The Outermost Classroom blog is named in honor of the work, The Outermost House, by Henri Beston. In this classic, early example of nature writing, Beston lived in a shack on the shore of Cape Cod, and shared deep and beautifully penetrating views on the relationships between himself, the sands, and the sea. I can’t help but wonder what events and self-perceptions drove Beston to live so far away (at that time, anyway) from society. But I have known many, many students who will likely someday identify themselves as outcasts from our deeply rutted educational system, but stand a good chance of contributing to the world in groundbreaking ways.
I believe that the most successful teachers teach out of love for learners first, and out of love for their subject second. As such, we should not consider ourselves as ambassadors of our subject, but ambassadors of a love of learning, a love of bearing witness to the world, and furthermore, a love of influencing, in the best possible way, our human experience. Alas, there is too much stuff getting in the way of such an approach.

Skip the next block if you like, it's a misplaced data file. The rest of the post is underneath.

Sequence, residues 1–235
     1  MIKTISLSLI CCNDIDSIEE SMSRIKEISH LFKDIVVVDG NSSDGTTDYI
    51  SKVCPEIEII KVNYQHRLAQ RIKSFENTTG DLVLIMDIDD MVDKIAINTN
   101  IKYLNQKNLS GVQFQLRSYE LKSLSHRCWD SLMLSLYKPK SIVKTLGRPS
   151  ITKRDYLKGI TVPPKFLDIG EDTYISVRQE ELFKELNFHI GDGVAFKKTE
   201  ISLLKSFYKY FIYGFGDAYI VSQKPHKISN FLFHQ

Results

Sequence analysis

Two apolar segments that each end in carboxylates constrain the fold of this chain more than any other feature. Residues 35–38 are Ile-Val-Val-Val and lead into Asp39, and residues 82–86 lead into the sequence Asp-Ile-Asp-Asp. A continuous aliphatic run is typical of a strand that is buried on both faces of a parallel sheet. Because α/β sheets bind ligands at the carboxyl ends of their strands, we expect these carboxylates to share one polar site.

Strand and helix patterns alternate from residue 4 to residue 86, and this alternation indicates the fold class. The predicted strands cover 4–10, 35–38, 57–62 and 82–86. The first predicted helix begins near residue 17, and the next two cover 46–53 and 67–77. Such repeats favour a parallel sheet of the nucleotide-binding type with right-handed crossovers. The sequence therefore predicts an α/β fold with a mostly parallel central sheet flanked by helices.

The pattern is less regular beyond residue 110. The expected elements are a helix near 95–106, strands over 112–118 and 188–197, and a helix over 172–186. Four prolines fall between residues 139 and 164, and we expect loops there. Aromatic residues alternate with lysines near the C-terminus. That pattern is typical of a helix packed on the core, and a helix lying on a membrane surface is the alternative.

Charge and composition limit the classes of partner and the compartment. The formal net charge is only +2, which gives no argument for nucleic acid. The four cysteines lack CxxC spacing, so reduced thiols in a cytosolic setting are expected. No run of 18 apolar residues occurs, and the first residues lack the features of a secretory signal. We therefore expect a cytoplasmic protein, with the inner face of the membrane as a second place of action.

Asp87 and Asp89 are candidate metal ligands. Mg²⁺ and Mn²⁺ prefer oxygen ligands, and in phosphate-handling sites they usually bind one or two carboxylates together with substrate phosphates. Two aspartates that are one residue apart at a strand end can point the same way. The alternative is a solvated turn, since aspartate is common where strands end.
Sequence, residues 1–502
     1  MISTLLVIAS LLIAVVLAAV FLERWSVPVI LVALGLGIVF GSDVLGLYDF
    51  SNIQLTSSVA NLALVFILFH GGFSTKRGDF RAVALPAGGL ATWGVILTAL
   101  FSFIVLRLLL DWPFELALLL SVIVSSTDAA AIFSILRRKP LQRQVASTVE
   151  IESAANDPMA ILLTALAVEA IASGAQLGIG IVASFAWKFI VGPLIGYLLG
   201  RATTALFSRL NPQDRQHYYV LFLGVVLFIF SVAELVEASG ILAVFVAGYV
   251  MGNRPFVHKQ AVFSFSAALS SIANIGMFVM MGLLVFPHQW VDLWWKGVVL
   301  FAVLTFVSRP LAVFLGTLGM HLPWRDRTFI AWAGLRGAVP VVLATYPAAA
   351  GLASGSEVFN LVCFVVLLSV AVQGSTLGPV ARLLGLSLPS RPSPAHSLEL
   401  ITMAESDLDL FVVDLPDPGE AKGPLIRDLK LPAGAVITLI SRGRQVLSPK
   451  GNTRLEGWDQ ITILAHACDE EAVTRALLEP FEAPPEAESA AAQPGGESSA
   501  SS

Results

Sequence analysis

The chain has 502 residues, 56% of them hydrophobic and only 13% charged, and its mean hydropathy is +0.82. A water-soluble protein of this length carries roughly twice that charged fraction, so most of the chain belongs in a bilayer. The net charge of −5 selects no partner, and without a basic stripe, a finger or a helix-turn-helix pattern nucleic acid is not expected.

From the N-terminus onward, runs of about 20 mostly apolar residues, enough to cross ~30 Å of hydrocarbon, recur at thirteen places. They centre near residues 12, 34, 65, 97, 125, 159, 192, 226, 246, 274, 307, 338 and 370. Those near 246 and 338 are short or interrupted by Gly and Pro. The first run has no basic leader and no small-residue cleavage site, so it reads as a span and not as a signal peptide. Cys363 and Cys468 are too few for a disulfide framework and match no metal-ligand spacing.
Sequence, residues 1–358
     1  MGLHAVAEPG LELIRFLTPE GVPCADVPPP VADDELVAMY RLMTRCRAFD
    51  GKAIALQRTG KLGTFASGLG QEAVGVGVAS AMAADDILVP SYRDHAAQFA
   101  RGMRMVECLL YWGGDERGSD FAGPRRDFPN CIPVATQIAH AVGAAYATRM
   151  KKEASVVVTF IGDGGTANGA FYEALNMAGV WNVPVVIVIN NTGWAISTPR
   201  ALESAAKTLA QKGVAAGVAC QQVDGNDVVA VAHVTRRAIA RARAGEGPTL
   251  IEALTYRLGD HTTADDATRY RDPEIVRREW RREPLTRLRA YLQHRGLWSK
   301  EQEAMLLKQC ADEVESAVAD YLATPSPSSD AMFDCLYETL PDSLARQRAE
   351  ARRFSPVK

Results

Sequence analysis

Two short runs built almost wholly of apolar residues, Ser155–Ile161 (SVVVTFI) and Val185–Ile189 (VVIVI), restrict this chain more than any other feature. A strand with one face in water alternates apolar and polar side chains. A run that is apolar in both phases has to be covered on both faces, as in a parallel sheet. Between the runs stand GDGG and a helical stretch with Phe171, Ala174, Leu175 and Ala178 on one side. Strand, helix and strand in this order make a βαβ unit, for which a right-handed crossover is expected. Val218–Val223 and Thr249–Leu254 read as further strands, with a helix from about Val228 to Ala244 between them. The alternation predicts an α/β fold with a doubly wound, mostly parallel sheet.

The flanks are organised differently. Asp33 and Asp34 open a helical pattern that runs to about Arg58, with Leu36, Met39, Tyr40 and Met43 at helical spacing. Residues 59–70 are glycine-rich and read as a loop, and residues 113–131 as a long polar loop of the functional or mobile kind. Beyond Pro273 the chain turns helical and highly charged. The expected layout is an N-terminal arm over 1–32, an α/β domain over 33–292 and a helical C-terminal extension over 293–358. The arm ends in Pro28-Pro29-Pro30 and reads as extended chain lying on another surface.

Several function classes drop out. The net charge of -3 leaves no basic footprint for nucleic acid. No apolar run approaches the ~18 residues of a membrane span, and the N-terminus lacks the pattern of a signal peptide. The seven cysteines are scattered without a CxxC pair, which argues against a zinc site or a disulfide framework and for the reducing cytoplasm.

This is a blog of strong opinions, subtle observations, and much in between, based on my experience in education. If I offend anyone, I’m only sorry if that offense disables a rational reading of my argument. I have been offended by well-cited ivory tower arguments, and I’ve been offended by statements from (to name a few) dentists, chiropractors, cashiers, and delivery men—statements grounded in the soft sand of ignorance and the politics that seem to depend on it. If you are a teacher, you probably have a good idea of what I’m hinting at.
Anyway, I love sand. I love the fact that rising tides wipe away the ruts of heavy machinery. I hope, for the sake of public education, that such a tide is coming.